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II

From the time of the Salters' Hall Controversy it became apparent that the Presbyterian ministers, and many of their Churches, were drifting fast into Arianism ; and from Arianism they went on to what was called Socinianism. In London, in Lancashire, in Cheshire, and throughout the West of England, minister after minister and Church after Church were swept away by the current. Here and there a Congregational

2 In 1695 there were 57, but the number of congregations was 60 : six congregations met in three meeting-houses.

3 Bogue and Bennett, History of Dissenters, iii. 329-330.

minister of a Congregational Church went with the stream. James Foster-one of the most famous preachers of those days—had received a large part of the theology of Socinus before he accepted in 1744 the pastorate of the historic Congregational Church that met in Pinners' Hall. He was succeeded in 1753 by Caleb Fleming, an avowed Socinian; at Fleming's death, in 1778, the Church ceased to exist."

But the great majority both of the Congregational ministers and of the Congregational Churches held fast to the Trinitarian faith. The principal cause of the difference between the fortunes of the two denominations lies in their polity. The Presbyterians trusted the management of their affairs to persons for whose religious life there was no guarantee—to trustees, subscribers, or seat-holders ; among the Independents the Church, consisting of those who had declared their faith in the Lord Jesus Christ, and who had been received into communion on giving evidence that their faith was a real spiritual force and not a mere tradition, elected and, in extreme cases, dismissed the pastor. Evangelical doctrine in the preaching of the minister was secured by the presence of evangelical life in the people.

In many ways the departure of the Presbyterians from the evangelical faith contributed to the strength of the Independents. Sometimes, when an Arian was appointed to a Presbyterian pulpit, those of the people who held fast to the creed of their fathers joined the Independent congregation that was nearest to them. Sometimes the seceders founded a new Independent Church. In some cases, where a Presbyterian congregation had become almost extinct, an Independent Church was allowed to take possession of the meeting-house.

When a Presbyterian pulpit became vacant, and the majority of the subscribers or of the trustees were evangelical ; they were obliged, in order to obtain an evangelical minister, to send to one of the Independent Academies ; and with an

Let modest Foster, if he will, excel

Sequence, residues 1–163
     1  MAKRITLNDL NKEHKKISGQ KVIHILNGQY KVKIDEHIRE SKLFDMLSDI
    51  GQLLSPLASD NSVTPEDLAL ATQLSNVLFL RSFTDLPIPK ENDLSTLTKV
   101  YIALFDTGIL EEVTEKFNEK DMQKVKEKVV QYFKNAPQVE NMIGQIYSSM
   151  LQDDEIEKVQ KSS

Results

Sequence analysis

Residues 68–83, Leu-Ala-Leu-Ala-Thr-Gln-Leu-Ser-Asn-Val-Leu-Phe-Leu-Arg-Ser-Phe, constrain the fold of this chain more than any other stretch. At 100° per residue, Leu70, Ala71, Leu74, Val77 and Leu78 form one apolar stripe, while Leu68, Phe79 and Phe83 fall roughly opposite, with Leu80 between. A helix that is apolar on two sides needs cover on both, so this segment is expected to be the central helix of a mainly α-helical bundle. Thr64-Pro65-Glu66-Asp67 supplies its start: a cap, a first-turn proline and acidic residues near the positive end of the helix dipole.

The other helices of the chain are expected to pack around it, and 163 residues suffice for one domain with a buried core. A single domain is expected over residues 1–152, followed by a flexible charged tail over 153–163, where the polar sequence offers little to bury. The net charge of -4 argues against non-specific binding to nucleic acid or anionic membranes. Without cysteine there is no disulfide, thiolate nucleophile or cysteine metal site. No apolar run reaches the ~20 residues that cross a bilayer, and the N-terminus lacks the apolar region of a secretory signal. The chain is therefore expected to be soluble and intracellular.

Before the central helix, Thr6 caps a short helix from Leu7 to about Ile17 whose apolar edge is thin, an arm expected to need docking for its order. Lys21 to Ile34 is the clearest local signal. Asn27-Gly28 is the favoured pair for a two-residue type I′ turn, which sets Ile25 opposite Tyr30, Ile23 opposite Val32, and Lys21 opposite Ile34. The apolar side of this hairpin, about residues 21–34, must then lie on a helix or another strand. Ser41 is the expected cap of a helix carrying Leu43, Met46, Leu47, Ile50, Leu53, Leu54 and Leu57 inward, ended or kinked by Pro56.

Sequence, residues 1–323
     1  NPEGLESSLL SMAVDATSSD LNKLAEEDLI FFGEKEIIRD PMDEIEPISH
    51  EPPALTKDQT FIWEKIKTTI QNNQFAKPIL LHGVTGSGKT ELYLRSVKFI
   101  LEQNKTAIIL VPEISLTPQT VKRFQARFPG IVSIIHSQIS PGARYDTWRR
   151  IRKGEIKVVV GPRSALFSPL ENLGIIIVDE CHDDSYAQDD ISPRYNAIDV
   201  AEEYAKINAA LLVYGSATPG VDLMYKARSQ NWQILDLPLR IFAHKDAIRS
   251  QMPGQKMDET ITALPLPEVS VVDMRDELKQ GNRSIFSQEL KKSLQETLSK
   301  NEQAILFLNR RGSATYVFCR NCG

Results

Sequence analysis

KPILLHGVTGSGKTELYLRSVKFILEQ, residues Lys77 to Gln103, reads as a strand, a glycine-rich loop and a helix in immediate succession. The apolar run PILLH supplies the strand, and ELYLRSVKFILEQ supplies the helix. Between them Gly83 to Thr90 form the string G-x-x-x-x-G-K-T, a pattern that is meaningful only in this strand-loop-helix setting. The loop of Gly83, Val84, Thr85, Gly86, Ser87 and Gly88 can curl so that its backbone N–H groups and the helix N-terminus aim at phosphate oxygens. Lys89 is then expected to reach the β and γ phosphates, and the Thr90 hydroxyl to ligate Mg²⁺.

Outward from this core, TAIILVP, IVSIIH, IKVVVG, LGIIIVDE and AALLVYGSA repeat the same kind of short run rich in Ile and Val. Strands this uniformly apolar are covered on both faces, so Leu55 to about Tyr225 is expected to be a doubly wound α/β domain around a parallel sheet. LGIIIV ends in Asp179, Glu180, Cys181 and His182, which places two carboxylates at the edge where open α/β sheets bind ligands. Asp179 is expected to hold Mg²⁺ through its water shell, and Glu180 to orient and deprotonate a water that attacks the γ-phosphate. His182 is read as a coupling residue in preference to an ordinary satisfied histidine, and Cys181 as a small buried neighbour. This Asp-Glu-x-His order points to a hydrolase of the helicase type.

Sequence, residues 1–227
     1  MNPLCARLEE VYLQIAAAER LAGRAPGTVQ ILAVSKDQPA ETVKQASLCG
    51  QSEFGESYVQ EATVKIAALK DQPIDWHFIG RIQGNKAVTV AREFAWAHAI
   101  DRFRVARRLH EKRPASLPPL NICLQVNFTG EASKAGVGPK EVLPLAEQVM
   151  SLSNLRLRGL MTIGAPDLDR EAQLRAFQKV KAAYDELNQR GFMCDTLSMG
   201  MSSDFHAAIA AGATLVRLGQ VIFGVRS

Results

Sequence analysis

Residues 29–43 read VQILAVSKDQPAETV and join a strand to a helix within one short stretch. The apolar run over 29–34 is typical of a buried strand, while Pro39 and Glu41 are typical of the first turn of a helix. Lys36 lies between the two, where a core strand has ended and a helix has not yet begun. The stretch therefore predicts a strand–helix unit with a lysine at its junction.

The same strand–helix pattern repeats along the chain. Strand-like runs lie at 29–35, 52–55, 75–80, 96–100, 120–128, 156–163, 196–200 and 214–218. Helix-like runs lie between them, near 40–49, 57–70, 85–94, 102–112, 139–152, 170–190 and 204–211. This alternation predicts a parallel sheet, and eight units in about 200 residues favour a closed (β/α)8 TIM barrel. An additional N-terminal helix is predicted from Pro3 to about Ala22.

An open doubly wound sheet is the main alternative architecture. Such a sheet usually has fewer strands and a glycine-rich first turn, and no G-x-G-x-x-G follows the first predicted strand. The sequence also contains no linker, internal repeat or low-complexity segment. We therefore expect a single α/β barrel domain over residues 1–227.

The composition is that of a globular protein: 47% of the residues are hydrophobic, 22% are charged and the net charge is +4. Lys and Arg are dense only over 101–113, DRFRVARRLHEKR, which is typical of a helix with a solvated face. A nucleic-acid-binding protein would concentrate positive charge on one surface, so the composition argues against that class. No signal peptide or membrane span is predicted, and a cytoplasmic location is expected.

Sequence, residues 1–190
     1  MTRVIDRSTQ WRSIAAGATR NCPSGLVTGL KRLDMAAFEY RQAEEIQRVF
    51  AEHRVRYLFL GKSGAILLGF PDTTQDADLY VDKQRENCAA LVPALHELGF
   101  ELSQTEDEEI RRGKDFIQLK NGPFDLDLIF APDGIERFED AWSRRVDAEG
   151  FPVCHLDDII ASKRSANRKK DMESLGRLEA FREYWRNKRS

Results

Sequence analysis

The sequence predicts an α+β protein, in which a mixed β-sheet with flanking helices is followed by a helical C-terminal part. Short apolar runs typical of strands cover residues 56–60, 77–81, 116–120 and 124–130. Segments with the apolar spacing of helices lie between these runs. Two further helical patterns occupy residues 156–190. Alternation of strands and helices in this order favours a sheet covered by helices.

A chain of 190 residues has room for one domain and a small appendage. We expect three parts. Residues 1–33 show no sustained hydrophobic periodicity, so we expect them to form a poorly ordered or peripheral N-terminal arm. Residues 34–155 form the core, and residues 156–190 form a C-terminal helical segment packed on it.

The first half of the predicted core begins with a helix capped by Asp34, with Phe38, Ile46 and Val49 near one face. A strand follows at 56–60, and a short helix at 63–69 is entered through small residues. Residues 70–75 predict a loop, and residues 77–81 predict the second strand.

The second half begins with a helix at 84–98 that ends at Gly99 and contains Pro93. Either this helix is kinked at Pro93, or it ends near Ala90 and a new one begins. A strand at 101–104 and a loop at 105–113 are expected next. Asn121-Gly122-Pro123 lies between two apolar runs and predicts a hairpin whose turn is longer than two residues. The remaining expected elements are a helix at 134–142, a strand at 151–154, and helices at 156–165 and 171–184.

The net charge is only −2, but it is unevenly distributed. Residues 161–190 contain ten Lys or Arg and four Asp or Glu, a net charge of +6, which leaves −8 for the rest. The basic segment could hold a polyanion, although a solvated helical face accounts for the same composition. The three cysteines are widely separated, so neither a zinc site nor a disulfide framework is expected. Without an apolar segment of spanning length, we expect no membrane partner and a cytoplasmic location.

Ten Metropolitans in preaching well."

Pope, Epilogue to the Satires, Dialogue I. See Wilson, Dissenting Churches, ii. 270-283, and the verses quoted by Stoughton, vi. 86–87, note.

6 Wilson, Dissenting Churches, ii. 283–289.

Independent minister, the congregation gradually came to accept the Independent polity.

The following figures taken from the Palmer MS.6 show the doctrinal position of the London ministers belonging to the principal Dissenting denominations in 1730 :

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But though most of the Independents held fast to the Calvinistic faith, they were not wholly untouched by the rationalising spirit of their time. Thomas Bradbury, of Fetter Lane, was as robust, as fearless, as uncompromising, in his theology as in his politics. In Philip Doddridge, on the other hand, there is an illustration of the influence produced by the atmosphere of the age on the dogmatic attitude of a man whose religious life was deep and earnest, and whose creed in its substance was identical with that of the great Independents of the Commonwealth.10

6 See above, p. 540, note 1.

7 In the technical language of our own time, the “ Baxterians would be described as forming the Broad Church section of the Presbyterian denomination.

8 "Do not deserve any particular remark,” Palmer MS., f. 92. Skeats, Free Churches, 335, note, describes them as disorderly.” Skeats, it should be noticed, treats the list as if it referred to Churches ; but it refers to ministers.

9 One of these was Foster-afterwards minister of the Congregational Church in Pinners' Hall.

10 Whether it can be accurately said that Doddridge's creed was in its substance identical with that of the great Independents of the Commonwealth may be disputed. On one or two points there were